Owning a larger amount of mana won’t do a node much good as the influence is diminishing. We’re mainly using mana to achieve safe, decentralized auto peering solution and make things like temporary nodes a reality.
Will IOTA be more decentralized than cryptocurrencies based on Proof-of-work and Proof-of-stake? For example, more than Bitcoin, which is dependant on several mining pools only. Is a system with multiple trusted nodes the real path to decentralization?
I don’t believe that any system that artificially creates groups of nodes based on an economic incentive that is part of the protocol itself can ever achieve complete, or almost-complete decentralization. The Proof of work system in the IOTA protocol is very different from the one in Bitcoin, for example. Any network participant can realistically perform all the sufficient PoW needed to send a transaction herself without relying on others. Most of the time there is no need to offload PoW to other devices. And there is also no incentive that is part of the protocol that would make you want to perform PoW for others, there’s nothing to mine. Sure, you can charge others to handle their PoW, and they can choose to pay you if it makes sense for them, but you wont be able to realistically exert any influence over the network with that service.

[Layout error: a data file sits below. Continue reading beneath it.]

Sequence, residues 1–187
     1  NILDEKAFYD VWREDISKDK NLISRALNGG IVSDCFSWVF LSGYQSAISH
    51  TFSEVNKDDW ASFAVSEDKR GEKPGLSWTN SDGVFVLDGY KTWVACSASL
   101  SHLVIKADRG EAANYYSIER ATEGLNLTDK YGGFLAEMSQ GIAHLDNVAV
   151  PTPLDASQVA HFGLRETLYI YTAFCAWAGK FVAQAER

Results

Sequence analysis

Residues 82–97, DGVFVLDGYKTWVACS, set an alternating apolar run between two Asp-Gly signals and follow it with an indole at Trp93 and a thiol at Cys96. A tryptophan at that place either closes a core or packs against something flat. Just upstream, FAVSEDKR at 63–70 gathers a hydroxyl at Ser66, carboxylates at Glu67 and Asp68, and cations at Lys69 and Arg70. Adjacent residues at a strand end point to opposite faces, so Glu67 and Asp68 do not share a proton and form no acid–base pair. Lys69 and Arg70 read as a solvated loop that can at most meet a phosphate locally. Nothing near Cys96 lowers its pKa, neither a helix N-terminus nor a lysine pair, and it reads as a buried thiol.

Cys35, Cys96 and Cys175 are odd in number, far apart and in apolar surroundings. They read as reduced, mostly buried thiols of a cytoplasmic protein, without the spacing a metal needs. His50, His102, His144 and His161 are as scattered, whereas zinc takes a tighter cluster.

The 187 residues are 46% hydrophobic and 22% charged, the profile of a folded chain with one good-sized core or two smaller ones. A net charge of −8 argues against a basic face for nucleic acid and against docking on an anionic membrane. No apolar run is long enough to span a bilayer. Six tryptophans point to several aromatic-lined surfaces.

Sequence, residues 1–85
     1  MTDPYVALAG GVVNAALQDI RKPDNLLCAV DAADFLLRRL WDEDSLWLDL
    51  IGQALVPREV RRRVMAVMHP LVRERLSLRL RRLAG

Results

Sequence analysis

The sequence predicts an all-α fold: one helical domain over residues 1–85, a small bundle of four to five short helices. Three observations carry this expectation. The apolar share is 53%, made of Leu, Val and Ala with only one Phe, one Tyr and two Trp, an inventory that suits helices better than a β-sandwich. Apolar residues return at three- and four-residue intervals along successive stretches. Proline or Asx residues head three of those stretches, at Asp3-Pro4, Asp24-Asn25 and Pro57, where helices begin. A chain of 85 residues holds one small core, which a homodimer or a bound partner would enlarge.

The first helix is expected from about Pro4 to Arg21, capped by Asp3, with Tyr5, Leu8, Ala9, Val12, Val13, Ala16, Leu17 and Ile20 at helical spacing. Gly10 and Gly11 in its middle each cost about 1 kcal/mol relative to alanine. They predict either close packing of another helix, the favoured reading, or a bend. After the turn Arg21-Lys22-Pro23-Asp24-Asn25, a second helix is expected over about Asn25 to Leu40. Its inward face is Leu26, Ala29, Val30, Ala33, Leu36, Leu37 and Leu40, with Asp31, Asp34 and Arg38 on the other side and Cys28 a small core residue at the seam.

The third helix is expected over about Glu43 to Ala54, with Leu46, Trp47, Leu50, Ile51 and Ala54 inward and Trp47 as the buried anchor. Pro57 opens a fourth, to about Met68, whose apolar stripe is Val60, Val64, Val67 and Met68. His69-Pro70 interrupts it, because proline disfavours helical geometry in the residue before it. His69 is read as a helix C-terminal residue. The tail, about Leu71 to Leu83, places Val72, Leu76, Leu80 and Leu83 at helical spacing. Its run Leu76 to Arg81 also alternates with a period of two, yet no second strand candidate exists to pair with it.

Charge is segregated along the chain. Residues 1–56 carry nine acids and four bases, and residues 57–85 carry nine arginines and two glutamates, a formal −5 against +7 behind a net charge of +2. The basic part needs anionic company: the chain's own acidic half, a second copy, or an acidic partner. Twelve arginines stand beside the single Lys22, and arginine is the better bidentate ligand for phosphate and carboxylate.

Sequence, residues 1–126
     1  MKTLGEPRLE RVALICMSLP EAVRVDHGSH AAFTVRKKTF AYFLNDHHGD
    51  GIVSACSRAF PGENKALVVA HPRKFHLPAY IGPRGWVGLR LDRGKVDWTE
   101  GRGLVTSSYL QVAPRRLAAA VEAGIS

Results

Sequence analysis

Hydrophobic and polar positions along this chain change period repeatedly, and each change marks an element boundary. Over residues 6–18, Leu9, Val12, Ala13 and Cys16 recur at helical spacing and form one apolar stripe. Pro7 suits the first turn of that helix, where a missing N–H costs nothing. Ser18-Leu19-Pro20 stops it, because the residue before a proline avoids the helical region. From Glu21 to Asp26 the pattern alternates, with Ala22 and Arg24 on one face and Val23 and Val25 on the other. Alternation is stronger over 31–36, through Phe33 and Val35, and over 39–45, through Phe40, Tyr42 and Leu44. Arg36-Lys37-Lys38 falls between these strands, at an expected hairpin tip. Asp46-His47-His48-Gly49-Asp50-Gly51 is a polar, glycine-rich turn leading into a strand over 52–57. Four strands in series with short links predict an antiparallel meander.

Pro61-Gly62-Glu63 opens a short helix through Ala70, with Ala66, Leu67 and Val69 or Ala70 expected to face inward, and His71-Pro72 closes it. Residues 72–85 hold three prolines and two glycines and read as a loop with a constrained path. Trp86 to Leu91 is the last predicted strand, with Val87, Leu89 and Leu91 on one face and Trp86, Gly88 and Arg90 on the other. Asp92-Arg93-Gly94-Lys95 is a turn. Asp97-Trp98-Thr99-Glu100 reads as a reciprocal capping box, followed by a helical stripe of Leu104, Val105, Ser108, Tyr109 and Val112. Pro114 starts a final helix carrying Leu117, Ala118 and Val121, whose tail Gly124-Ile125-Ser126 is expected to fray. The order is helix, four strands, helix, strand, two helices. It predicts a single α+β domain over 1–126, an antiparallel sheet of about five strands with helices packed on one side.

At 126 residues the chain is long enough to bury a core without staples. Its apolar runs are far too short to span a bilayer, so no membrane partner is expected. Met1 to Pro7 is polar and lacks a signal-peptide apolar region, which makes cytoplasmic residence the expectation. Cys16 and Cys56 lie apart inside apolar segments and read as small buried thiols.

The network will be, in my opininion, functioning in a highly decentralized manner. There will be room for less decentralized clusters that also participate in the network, however. For example, if a company decides to deploy IOTA in their manufacturing process, they might want to create their own sub-network that they control and in which the devices located in their factories participate. And the sub-network will communicate with the main network through gate nodes as necessary. This concept of clustering, its implementation and design are still very much „in progress“, so the details I provide here mainly come from my interpretation.